Aoife O’Donovan might have grown up in Boston, but these days, the singer/songwriter is feeling a strong passion for Western Massachusetts, too.

“The Berkshires, when you’re from Eastern Mass., I think the Berkshires are these magical hills to the west,” said O’Donovan, speaking from Florida. “You get on the ‘Pike and you drive until almost the end and you’re just kind of on a different planet.

“I love the access to nature that the Berkshires offer. I love all the incredible trails and mountains. But, culturally, Tanglewood, Jacob’s Pillow, Hancock-Shaker Village, Mass MoCA up in North Adams. There’s not really any other place in America, a region with so much access to nature that has so much to offer culturally.”

The inspiration that O’Donovan draws from the region prompted her and her husband to purchase a second home in Berkshire County, where they spent six weeks during the holidays. And North Adams this week provided the perfect setting for O’Donovan to reconnect with a favorite performance space and a favorite musical friend while trying to inject some normalcy into a music industry turned upside down — for performers and audiences alike — by the COVID-19 pandemic.

The online performance and question-and-answer session featuring O’Donovan and mandolin player Chris Thile, part of the Celebrity Series of Boston, premiered Friday and is available through 7 p.m. Thursday. It was prerecorded at Studio 9, whose home is The Porches Inn at the Massachusetts Museum of Contemporary Art.

Log on to watch this gig and you’ll learn plenty about O’Donovan, a Grammy winner who was the featured vocalist on the album “Not Our First Goat Rodeo,” featuring Thile, Berkshire County resident Yo-Yo Ma, Stuart Duncan and Edgar Meyer. The album, recorded at James Taylor’s studio in Berkshire County, was released in June, as a sequel to 2011’s “The Goat Rodeo Sessions”

O’Donovan, who said her grandmother was descended directly from Salem “witches,” also is a co-founder of the bands I’m With Her and Crooked Still. She performed on the public radio programs “Live From Here,” which was hosted by Thile, as well as that show’s predecessor, “A Prairie Home Companion.”

The Grammy-winning artist Aoife O'Donovan's new single drops on St. Patrick's Day 2021. Following an exclusive with WBUR's The ARTery, Irish Arts Center will premiere the video for "Transatlantic" a day ahead of the song's public release. Watch it here.

View the artist statement: https://irishartscenter.org/event/iac-commissions-aoife-odonovan

"Transatlantic"

Produced by Aoife O’Donovan, Kris Drever, and Darren Schneider

Aoife O’Donovan: vocals, acoustic guitar, piano

Kris Drever: vocals, guitars

Jeremy Kittel: violin, viola

Euan Burton: bass

Louis Abbott: drums

Engineered by Darren Schneider at Full Sail University in Orlando, Euan Burton and Louis Abbott in Glasgow, and Jeremy Kittel in Brooklyn

Mixed by Darren Schneider

Mastered by Paul Blakemore

Written by Aoife O'Donovan

Published by Just Yogurt Music (ASCAP). Administered by Seed Soup Songs.

Commissioned by Irish Arts Center as part of Grásta: Grace in Uncertainty, 2020-2021.

The IAC Grásta initiative is a series of commissions by a remarkable assembly of writers, musicians, and dance, visual and theatre artists, all responding to the idea of grace in uncertainty. Subscribe to our YouTube channel to stay updated on their journeys.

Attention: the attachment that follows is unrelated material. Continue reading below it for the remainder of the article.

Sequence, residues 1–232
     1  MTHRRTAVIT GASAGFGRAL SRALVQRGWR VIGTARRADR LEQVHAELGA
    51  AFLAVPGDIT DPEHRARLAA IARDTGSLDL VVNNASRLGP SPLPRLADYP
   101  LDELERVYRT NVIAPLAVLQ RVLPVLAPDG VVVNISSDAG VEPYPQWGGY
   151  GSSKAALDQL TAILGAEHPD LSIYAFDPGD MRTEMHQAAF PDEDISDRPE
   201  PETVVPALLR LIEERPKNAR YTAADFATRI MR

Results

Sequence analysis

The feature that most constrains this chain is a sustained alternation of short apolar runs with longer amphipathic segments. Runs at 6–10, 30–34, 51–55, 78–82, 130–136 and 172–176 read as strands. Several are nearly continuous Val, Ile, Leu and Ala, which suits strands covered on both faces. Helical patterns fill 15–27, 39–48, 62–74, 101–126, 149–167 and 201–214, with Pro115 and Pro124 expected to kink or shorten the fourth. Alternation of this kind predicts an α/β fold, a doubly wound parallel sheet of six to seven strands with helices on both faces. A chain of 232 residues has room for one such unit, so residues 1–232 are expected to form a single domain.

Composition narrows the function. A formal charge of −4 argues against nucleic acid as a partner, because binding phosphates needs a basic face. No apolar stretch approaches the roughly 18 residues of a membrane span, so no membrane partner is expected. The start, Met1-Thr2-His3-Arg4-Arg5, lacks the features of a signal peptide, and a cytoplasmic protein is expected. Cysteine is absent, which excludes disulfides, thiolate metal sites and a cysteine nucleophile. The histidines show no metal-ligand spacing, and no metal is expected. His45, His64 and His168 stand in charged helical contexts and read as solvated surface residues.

More about Grásta: https://irishartscenter.org/event/iac-commissions-grasta-grace-in-uncertainty

And on St. Patrick’s Day today, she will offer even more musical perspective on the pandemic, when she officially releases a new single, “Transatlantic.”

Support our journalism. Subscribe today. →

O’Donovan also has been a steady presence at FreshGrass, the annual roots and bluegrass music festival at Mass MoCA. That is what led her to The Porches and Studio 9, where she previously has recorded.

This time, Thile and his family were at O’Donovan’s place, with all concerned tested for the coronavirus and secure in their “pod,” for a separate musical project.

The timing aligned with the Celebrity Series gig and O’Donovan’s relationship with Studio 9 set the stage, literally. Despite the strange circumstances consuming us all at the moment, she said, “It felt like a real concert.”

“The crew there was amazing. The sound in that room is just gorgeous, and also, it looks so great,” she said. “I love doing live studio performances from studios that have such a vibe.”

Of performing with Thile, O’Donovan said, “I think anybody who’s played with him would say this: He’s all ears; he’s a leader for sure, but he’s also listening so intently to what other people are doing and playing off of it, and I think that’s what sets him apart.”

So, as the viewing of the Celebrity Series performance winds down in advance of Thursday evening, momentum likely is to be just building for “Transatlantic.”

The song revolves around a sense of yearning that so many can relate to, a year into an enduring pandemic. And it was commissioned by the Irish Arts Center in New York City, as part of its Grasta commission series, in response “to the chaos of the moment, and the idea of finding grace in uncertainty.”

The lush recording of “Transatlantic” and compelling video speak to O’Donovan’s Irish roots — her father was born in Ireland. The song was inspired, in part, by her travel to Ireland and a longing for that which we don’t have.

“Hold on to whatever will be,” she sings with her musical guest, Kris Devers of Scotland. “And we’ll raise our glasses high.”